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In south China, a Communist Party populist takes up with protesters.
BEIJING, China — In the closing weeks of 2011, a Chinese Communist Party chief in the wealthy southern province of Guangdong positioned himself as a white knight, championing the much-maligned little guy.
Wang Yang sided with the some 20,000 villagers in Wukan, protesting against local land grabs by village leaders.
The provincial leader not only dispatched his deputy to the troubled village to help bring an end to a seige of a farming village. He also asserted the villagers grievances were just. He rubbed the local party cadres' noses in the mud that they sought to turn into a big-bucks real estate development.
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It just so happens Wang Yang is believed to be on the short-list to join the cozy, all-powerful Politburo standing committee in 2012, the year China will have an unprecedented turnover of leadership. Of the nine seats on this committee that runs the country, seven will be filled with new faces.
So, is 2011 going down in the annals as the year "people power" went mainstream in China?
Hardly, says China watcher Willy Lam of the Chinese University of Hong Kong.
"In China there are protests almost every day. Leaders in different provinces have their own ways of sorting them out. At this stage the predominant tactic in Beijing as well as in provinces is still to use top heavy crackdowns."
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But Lam says Wang Yang's PR-savvy response is a new trend among up-and-coming leaders of the Communist Party.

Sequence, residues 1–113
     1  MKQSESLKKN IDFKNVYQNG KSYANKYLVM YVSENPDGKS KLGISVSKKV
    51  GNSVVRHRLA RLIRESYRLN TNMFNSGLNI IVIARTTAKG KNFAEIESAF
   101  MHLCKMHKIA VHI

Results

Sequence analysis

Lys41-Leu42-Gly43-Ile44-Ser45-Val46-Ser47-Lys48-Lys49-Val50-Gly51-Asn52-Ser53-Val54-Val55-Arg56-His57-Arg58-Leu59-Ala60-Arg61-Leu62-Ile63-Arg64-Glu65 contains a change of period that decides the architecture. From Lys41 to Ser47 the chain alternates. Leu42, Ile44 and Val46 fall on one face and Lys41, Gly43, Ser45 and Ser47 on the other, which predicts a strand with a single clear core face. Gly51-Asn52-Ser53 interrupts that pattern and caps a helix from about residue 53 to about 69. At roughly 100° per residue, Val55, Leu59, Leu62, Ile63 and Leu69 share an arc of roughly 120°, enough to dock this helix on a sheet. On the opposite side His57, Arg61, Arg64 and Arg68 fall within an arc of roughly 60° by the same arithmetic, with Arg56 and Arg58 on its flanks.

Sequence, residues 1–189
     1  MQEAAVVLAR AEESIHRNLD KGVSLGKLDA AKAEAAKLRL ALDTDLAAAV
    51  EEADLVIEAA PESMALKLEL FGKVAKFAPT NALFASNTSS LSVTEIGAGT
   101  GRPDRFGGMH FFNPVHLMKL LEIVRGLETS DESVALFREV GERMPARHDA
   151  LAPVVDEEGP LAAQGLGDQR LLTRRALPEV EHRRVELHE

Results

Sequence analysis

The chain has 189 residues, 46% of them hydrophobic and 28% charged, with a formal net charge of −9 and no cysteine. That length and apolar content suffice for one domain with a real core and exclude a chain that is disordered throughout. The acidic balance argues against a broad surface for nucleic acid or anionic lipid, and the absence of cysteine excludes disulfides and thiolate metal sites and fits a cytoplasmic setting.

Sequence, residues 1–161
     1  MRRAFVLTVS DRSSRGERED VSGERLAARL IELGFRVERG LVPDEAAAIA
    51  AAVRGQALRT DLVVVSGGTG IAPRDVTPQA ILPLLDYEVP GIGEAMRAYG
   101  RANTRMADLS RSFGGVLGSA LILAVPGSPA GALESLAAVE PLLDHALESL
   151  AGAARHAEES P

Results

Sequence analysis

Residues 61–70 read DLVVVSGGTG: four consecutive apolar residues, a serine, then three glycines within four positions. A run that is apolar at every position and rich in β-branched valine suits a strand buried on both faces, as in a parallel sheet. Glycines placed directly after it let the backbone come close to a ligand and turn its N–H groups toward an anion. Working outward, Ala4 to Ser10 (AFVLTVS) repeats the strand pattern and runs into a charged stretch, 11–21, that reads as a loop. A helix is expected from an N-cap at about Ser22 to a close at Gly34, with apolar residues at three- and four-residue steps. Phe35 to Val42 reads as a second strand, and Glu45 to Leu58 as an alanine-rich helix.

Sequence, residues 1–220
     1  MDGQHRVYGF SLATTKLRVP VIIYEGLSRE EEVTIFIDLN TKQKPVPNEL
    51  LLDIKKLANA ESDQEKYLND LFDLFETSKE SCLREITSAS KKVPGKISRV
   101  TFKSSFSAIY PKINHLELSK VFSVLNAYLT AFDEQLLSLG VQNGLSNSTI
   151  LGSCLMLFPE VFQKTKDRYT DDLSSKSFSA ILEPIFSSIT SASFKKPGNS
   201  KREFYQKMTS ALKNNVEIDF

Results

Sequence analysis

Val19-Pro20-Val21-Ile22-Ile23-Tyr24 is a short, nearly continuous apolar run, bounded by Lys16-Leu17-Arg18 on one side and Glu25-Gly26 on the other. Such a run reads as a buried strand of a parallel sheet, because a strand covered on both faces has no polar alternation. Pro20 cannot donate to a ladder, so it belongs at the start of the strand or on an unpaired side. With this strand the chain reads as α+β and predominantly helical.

Simply put, in Beijng, populism — better associated with US political grandstanding than Communist tactics — is gaining popularity.
"Wang Yang is a good public relations person," says Lam. "For the past four years he has been trying to project the image of a reformer, a person with a new way of thinking. Apparently he thought the conciliatory approach would help his image."
And this does have long-term implications. Top authorities are monitoring public opinion more closely, and diverse interest groups are speaking more loudly to make their voices heard. Authorities are making a bigger effort to publicly demonstrate they care.
It's become de rigeur for top leaders to show up at the site of national tragedies, like last summer's high-speed train accident, which killed 40 according to official media. Many legislators and government offices have launched microblogging accounts to reach out directly to the people, or "netizens," as the chattering online population is dubbed.
Ironically, sometimes to the chagrin of foreign diplomats, in recent years Chinese diplomats have started defending policies unpopular with their overseas counterparts by saying they are responding to Chinese online opinion.
"The role of public opinion is becoming greater in China ... in fact a new Chinese society is emerging,” David Lampton, director of China studies at the School of Advanced International Studies, said in a video interview by the US China Policy Foundation.
Guangdong's Wang Yang, 56, is among those on the forefront of ushering in this new society.
Since becoming Guangdong party leader in 2007, Wang Yang has favored the carrot over the stick in sorting out disputes in the province, known for being the heart of manufacturing in China. In response to factory strikes, he has encouraged collective bargaining by official government-backed trade unions over intimidation of workers or dispatching thugs with truncheons.